We had a whole bunch of laughs throughout the night and, as a new comer in the group, I eventually settled for a chair in the common room as my bed for the evening. As I went to sleep, wool army blanket wrapped around my body and fresh vomit on my breath, I couldn’t help but laugh thinking, not quite your average Sunday night.

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They said we couldn’t do it, but we did it again!

Moral of the Story: If your going to order an Egg McMuffin, you might as well get the hash brown too… it may get you into a New Zeland military base some day! 

The Great American Road Trip of 2013… Begins!

Being a hitchhiking hobo was not bad, in fact, I think we liked it a little too much. No one judged us for eating half-eaten cans of tuna off their car floor, and we could swing wearing the same t-shirt for weeks.

Though it was a comfortable lifestyle (except for the death ride with Tim, that sick, sick human, oh my god was he a wierdo), it was time to join the American squad of Charlie, Marty and Ira—three spirited Americans who seemed as eager as us to do it all in NZ. We met up in a Macca’s for some free wifi, and they showed us a loose itinerary that looked phenomenal (glaciers, trust-falls, arm wrestling Billy goats, and bungee-jumping). Also, they just seemed like good dudes—some people have radars, some people have gay-dars, I have a good-dude-dar, and my ability to pick out ‘good dudes’ from a crowd is unparalleled.

Our conversation about road tripping went something like this:

“Yo man…”

“Hey man…”

“Dude, can we maybe like road trip with you bros?”

“Yea man, I feel like that’d be chill.”

“Dude. That’s what I was thinking!”

“Tight. Maybe we can hotbox the car with chillness?”

“O for sure man, hope you have some Counting Crows on the pod.”

Doug and I grabbed our backpacks and followed them to their car (a 1994 Toyota Corona), Pompey, named after a promiscuous lady in the NZ army—these boys had been camping at R&V with a bunch of army kids, who were described as real nut jobs, in the best way.

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Cream on da inside! Clean on da inside… naht really doe! hahaaaa

The five of us forced our backpacks in the trunk, and squeezed in. It was a real meat-wagon—the trunk road real low, to the point where it would bottom out more than Hook and Shmee (a little known affair).

It felt good getting on the road with some stable humans; stories were Ping-Pong’d and we felt like we could relax, where as, when you hitch, you feel like you have to be on top of your game, as Jack Kerouac beautifully details, “One of the biggest troubles hitchhiking is having to talk to innumerable people, make them feel that they didn’t make a mistake picking you up, even entertain them almost…”

The best part about riding with this new squad was they would stop anytime they’d see something cool, which is about every five minutes in NZ. We crossed over a bridge (which are all one-lane in NZ) and saw a glorious river, rocks ledges, and a sprinkling of humans.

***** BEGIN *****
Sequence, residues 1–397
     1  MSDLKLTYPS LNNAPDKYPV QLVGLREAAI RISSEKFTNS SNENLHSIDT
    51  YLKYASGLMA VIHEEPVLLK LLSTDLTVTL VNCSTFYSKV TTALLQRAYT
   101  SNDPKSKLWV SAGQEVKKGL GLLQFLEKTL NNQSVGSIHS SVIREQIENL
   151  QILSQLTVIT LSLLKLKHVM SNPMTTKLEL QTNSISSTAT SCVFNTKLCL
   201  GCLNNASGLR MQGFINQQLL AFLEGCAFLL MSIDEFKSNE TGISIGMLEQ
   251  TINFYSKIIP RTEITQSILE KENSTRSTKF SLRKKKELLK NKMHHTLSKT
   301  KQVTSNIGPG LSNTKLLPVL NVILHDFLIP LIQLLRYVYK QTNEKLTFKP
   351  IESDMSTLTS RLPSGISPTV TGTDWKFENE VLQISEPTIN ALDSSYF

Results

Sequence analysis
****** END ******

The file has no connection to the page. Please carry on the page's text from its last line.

“Let’s stop!” Ok!

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Shirts off. Friendship on!

Sure enough we hopped out, and the watering hole was perfect—crystal clear, refreshing waters, tall cliffs to hop off, and a father getting badgered by his two, 9-year old sons. The dad was on a rock, fully clothed, watching his sons jump from cliff to cliff, innocently enough. His chubby kids apparently wanted him to join them.

“Jump in ya fahckin’ poof!”

“Stop being a little beech ya poof!”

Turning to me, “Tell my Dad to stop being a little beech!”

No thank you! He seems like he’s got his hands full!

We frolicked in the water, enjoyed some more heckling, then headed back to Pompey… thinks are looking up!

(They also enjoy good music, bumped some Beirut, which I love on the road… makes me feel like a gypsy!)

Moral of the Story: Being a Hobo was the great, but this was the start of something good, perhaps even the best, nay, the chillest!

Kiwi Speak

Having had a couple conversations with Kiwis during our month in New Zealand, we’ve picked up on some words, vernacular have you, of these people that are unlike anything we’ve heard in our years as Americans. These words sound way cooler with a Kiwi accents, but their humor knows no border—here are some of our favorites (subject to change).

(Insert Adjective)-As: Sweet as, good as, fun as, tasty as, dodgy as… the list goes on. As I mentioned before, this term is used an overwhelming amount, and leaves you wanting more… one more word. Oi, I sussed out the dance floor and there you boys are, dancing like idiots, and was like, these bros are funny as!

Suss Out: Suss = Check, as in, check out. Might as well go suss it out, see if any trolls in the club would be interested in a quick pash.

Pash: A mouth kiss. In America we say hook up, which is in fact, quite vague, where as to pash is to only mouth kiss and perhaps heated snuggling. Charlie! I heard you had quite a pash last night…(OHHHHHH, all the boys go wild!) She was keen aye?

Keen: Down. Are you keen = are you down. This could stem from drinking beers, to intercourse with the opposite sex. Ah bro, we’re about to go get on the piss, you keen?